I do like the way the grid facilitates play and helps players focus on the game rather than fiddling with quarter inches. I also like the ease of scalability that it allows. With HofT one can measure in cm instead of inches or use 1/2 inches etc but the ease of just changing the size of the grid is better. It also achieves easily what I have struggled to achieve: making base size and the number of figures per base/unit irrelevant apart from looks.

It is in my mind that it should be possible to design the game in such a way that it can be played either without a grid, with a square grid or with a hexagonal grid. This would essentially mean defining a basic unit of measurement then ensuring that everything is always in even increments. This basic unit would be 1 hex or 1 square or a given number of inches on the table (another old technique, a base width is a common unit of measuremnt). The rules would then just have to define arcs of fire and front, flank, rear zones and maneuver rules, The game would not be precisely the same on each of the 3 possible surfaces but they would have the same core engine, be close and would be internally  consistent.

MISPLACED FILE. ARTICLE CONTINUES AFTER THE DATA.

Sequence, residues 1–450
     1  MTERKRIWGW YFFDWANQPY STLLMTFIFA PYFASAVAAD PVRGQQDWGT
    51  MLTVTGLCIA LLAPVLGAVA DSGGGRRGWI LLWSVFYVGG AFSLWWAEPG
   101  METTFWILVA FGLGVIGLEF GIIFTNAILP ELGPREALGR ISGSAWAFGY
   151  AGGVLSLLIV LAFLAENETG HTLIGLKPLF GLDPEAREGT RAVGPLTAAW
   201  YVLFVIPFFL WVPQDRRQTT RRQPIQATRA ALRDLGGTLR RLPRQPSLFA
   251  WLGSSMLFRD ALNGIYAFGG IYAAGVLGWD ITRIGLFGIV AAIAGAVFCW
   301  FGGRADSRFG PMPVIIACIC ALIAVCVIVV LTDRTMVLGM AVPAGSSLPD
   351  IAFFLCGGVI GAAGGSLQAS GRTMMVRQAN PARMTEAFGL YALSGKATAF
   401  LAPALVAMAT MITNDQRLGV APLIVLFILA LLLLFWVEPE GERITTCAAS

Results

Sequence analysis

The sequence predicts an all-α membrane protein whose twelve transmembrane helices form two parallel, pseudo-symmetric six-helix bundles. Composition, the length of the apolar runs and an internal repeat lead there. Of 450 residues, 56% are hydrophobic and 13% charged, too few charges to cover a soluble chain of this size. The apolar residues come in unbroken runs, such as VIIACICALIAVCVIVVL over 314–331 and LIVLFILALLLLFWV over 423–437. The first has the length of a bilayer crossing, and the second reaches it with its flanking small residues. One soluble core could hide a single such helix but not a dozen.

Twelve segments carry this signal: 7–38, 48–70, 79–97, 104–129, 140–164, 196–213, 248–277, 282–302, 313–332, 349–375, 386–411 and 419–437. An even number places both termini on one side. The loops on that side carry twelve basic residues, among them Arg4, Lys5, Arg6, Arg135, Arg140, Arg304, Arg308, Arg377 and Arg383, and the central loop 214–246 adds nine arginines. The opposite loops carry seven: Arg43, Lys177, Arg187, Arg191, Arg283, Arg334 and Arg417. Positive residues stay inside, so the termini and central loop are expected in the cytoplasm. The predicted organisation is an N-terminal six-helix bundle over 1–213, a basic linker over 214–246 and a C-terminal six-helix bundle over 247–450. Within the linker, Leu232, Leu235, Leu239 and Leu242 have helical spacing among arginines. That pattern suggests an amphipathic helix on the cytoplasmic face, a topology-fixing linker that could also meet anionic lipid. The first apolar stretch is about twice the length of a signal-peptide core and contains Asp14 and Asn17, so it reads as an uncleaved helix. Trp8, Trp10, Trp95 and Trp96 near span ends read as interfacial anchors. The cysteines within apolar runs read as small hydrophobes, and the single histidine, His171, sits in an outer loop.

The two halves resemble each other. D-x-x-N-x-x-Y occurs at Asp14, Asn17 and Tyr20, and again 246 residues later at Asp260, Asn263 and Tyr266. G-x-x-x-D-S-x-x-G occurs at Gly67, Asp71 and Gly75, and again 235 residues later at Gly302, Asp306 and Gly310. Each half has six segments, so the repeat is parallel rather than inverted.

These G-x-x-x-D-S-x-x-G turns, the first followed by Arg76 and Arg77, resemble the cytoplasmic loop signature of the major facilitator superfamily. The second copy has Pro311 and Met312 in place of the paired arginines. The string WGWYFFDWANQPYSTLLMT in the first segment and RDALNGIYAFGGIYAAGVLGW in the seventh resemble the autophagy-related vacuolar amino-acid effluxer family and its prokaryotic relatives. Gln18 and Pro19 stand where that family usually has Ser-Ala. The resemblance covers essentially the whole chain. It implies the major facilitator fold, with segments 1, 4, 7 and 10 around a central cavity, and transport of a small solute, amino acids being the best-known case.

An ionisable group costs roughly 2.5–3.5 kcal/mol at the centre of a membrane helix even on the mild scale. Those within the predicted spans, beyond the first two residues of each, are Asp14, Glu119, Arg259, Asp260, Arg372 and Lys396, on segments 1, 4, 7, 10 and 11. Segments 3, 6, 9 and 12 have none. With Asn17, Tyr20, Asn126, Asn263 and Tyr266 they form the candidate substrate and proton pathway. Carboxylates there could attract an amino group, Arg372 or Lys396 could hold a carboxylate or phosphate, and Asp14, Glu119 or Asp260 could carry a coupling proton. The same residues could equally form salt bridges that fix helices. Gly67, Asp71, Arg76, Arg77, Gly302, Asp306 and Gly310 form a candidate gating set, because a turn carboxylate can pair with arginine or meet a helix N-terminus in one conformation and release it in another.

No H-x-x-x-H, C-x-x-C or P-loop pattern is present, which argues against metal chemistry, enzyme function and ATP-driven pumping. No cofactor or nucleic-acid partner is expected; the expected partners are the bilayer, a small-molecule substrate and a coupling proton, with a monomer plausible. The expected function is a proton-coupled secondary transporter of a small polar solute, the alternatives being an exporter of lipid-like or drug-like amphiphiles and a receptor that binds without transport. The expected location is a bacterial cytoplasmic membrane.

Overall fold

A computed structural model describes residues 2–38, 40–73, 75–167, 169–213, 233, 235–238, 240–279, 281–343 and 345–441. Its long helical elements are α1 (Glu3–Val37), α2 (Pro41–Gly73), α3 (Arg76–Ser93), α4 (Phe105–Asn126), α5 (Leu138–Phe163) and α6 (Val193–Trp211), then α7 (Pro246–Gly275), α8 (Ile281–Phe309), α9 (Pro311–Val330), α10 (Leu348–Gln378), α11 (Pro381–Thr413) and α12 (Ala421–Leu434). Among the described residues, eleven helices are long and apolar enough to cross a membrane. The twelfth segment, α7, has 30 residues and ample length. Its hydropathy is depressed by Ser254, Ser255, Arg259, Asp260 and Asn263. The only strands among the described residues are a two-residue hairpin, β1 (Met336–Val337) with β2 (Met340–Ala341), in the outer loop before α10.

This would be a tricky and would take the game farther away from what Bob has written (This is a down side since I have been very much enjoying the collaboration) but is potentially very worthwhile project.and I could still steal good ideas from Bob and incorporate them :).

I have some tabletop time planned for tomorrow, perhaps a battle of the rules is in order.

10 comments:

  1. Ross Mac,

    I am taking a short break for NSS, and reading you blog entry has done much to restore my flagging spirits.